The Guest Blu-ray Review
Written by Steve Pattee
Blu-ray released by Universal Home Entertainment
Directed by Adam Wingard
Written by Simon Barrett
2014, Region A, 101 minutes, Rated R
Blu-ray released on January 6th, 2014
Dan Stevens as David
Maika Monroe as Anna Peterson
Brendan Meyer as Luke Peterson
Sheila Kelley as Laura Peterson
Lance Reddick as Major Carver
Laura Peterson (Sheila Kelley) is still grieving the death of her son in Iraq when a young man, David (Dan Stevens), arrives at her door claiming to have served with him. Seeing how he's all respectful and courteous, she invites him in and David goes into detail about how he knew her son. Laura is a little hesitant to believe David at first, but after seeing him in a picture with her son, all doubt goes away and she invites her new guest to stay awhile. We all know how this goes.
It doesn't take long for David to infuse himself into the rest of the family's life with his charm. This guy is Eddie Haskell on steroids. And with sociopathic tendencies. Eventually, it becomes apparent to the family that David is not all he seems, something we've known all along, and the glorious, glorious violence begins.
That weak synopsis is intentionally vague because the less you know about The Guest, the more fun you are going to have. Prior to watching the movie, I've only seen one clip from it when I uploaded it to our YouTube channel. I hadn't even seen a trailer. The reason for this is I loved what the people behind this, Adam Wingard and Simon Barrett, did with You're Next, and I didn't need a trailer to sell me on it. I wasn't disappointed.
The Guest is boatloads of fun with its ridiculous over-the-top and unnecessary violence. This isn't really a horror film, and even though it has a ton of it, it's not really a full-on action film either. It's more of a (very) dark comedy and the filmmakers clearly have their tongue placed firmly in cheek. Sure, bullets and blood abound, but there's undercurrent of black humor that, even in the more surprising moments, you can't help but laugh.
Dan Stevens absolutely carries this film as the insane David. He doesn't display much emotion in the movie, and the little he does is phony. Don't confuse this with wooden acting, it's quite the opposite. He simply nails the character. He's very believable as a sociopath, and could easily pull off this character in something more dramatic as well (á la American Psycho).
The rest of the cast is solid in their cookie-cut roles. Maika Monroe does well as rebelling daughter Anna, and Brendan Meyer holds his own as bullied son Luke. Both characters lend to spectacular situations for David to…handle. Leland Orser (Se7en) and Sheila Kelley (Matchstick Men) are believable as husband and wife Spencer and Laura, with the former at first taking issue with David's sticking around but gradually growing to like the young man. It's always a pleasure seeing Orser on screen as he's always fun to watch. It was also a pleasant surprise to see Lance Reddick (The Wire, Fringe) show up as the mysterious government man. That man is made for those types of roles.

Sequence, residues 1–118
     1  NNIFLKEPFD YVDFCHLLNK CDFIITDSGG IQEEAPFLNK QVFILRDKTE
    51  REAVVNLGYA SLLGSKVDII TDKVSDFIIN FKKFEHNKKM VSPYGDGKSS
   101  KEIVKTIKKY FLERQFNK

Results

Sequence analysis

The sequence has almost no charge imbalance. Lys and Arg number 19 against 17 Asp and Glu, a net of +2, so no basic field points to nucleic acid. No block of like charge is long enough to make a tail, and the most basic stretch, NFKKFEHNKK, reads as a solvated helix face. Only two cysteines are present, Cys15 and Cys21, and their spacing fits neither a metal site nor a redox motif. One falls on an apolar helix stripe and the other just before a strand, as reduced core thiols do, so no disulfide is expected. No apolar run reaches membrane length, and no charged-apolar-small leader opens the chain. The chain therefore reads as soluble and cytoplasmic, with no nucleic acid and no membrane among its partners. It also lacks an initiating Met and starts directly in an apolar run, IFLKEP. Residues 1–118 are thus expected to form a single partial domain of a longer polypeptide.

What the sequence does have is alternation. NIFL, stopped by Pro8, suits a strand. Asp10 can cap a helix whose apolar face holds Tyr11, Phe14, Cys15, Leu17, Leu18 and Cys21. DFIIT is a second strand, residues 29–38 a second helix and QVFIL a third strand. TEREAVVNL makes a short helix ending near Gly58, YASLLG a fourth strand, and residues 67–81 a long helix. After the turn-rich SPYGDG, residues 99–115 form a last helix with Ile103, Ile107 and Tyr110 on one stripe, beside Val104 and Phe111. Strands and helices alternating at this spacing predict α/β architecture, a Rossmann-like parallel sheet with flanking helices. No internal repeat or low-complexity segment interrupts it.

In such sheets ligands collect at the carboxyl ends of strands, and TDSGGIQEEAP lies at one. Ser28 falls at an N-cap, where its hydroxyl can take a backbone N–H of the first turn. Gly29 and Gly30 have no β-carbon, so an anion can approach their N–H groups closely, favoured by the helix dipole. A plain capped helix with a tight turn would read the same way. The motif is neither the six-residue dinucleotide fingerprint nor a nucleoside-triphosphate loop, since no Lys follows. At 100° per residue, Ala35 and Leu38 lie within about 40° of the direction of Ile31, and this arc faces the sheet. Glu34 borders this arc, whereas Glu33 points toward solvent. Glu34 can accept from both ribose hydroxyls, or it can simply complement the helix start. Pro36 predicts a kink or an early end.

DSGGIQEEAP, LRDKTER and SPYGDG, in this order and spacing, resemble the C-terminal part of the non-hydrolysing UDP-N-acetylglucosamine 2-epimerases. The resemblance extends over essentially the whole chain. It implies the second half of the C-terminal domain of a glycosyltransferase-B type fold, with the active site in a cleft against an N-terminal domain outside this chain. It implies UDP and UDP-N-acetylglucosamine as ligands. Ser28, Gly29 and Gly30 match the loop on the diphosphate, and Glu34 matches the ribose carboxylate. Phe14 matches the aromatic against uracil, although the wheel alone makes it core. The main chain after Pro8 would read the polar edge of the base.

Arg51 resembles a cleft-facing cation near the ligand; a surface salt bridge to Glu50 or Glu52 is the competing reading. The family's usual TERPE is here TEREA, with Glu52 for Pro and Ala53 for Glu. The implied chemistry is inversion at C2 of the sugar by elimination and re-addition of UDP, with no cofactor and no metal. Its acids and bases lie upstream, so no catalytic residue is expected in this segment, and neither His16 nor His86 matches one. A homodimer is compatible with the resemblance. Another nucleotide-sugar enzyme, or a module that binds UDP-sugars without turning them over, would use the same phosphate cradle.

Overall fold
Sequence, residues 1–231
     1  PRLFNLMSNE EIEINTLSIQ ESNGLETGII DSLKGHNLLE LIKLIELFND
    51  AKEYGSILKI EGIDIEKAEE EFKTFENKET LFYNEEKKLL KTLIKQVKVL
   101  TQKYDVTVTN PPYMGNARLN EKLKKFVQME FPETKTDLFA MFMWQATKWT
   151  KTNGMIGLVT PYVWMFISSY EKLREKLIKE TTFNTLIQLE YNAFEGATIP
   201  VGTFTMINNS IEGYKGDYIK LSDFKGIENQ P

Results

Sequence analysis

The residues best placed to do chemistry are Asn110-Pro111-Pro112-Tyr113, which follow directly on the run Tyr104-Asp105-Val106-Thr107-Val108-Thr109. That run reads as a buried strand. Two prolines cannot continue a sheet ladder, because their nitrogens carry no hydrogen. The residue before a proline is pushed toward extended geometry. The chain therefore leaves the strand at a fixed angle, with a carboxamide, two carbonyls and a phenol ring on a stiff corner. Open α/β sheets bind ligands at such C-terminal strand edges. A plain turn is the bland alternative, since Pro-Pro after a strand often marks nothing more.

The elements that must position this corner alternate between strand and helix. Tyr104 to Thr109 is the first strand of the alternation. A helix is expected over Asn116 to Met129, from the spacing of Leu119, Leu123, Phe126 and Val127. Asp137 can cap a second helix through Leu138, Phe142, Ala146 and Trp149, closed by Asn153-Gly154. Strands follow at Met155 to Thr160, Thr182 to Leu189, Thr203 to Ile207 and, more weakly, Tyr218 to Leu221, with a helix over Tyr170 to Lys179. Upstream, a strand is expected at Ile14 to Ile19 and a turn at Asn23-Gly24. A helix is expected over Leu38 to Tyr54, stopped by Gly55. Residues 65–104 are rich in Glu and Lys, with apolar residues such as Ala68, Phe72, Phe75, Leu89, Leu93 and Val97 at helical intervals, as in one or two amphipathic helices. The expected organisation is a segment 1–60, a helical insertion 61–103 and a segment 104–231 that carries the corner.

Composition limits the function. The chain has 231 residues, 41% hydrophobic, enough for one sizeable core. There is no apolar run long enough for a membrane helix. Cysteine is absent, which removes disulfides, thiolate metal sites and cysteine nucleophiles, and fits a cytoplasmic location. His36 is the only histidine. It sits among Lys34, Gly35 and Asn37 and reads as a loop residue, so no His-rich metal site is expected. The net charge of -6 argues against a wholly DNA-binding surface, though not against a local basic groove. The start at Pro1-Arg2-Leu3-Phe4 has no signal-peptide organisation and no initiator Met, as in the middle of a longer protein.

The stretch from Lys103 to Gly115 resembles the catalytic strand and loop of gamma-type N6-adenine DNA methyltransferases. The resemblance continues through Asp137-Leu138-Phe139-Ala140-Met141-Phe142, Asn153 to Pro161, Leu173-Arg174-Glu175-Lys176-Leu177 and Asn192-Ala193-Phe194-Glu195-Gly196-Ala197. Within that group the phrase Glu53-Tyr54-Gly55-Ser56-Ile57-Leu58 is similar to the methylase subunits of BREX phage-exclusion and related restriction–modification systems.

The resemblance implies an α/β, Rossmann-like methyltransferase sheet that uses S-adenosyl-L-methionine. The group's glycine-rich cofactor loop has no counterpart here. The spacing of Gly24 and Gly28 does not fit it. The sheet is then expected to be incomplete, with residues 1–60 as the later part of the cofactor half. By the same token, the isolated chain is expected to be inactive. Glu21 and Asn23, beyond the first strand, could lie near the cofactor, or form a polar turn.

I would be remiss if I didn't mention The Guest's soundtrack that just bleeds the '80s. It's a mixture synthesizer-heavy songs from various bands to Steven Moore's original score, it's one of those albums you're going to want to pick up whether you like the movie or not. And the placement of Stevie B's ballad "Because I Love You (The Postman Song)" adds a level of chuckles to an otherwise surreal scene.
Wingard and Barrett have another winner here with The Guest. Its brutal violence, solid acting, dark humor, and '80s love makes it one I'll go back to time and again. Sure, its story gets a little ridiculous at times, but for those of that grew up in arguably one of the best eras of action films, you can put on a little suspension of disbelief and just enjoy what's going on in front of you.
Video and Audio:
The Guest's picture is gorgeous, with warm, natural skin tones and color that pops when appropriate. The scene at the end in the school is exceptional, where David is on the hunt in a pallet of red, none of which bleeds (no pun intended). Blacks are suitably deep and it's an overall wonderful picture.
The film's DTS-HD Master Audio 5.1 is equally impressive with great use of the surrounds when needed, along with an appropriate use of the subwoofer. Dialog is never overpowered by the effects or soundtrack.
- Deleted Scenes
- Q&A with Dan Stevens
- Feature Commentary with Director Adam Wingard and Writer Simon Barrett
Seven deleted and extended scenes with optional filmmaker commentary open up the features. As with most instances, these don't add much to the movie and are better off on the cutting room floor. Included in this mix is a clown gag that is predictable but funny.
Dan Stevens' Q&A is frustratingly short at two minutes, to the point you almost have to wonder at why they even bothered to put it on the disc, especially when much of the piece is intermixed with clips from the film. Unfortunately, instead of anything in detail, you get nothing more than some fluff from a press kit.
Wingard and Barrett's commentary, on the other hand, is fantastic. There is a lot to be learned here and they make a concerted effort on not gushing on the actors (literally, Wingard says at one point that he doesn't want to take up the commentary by praising everyone). There's a variety of interesting tidbits and behind-the-scenes information to be heard here, so if you enjoy the film this is a must listen.
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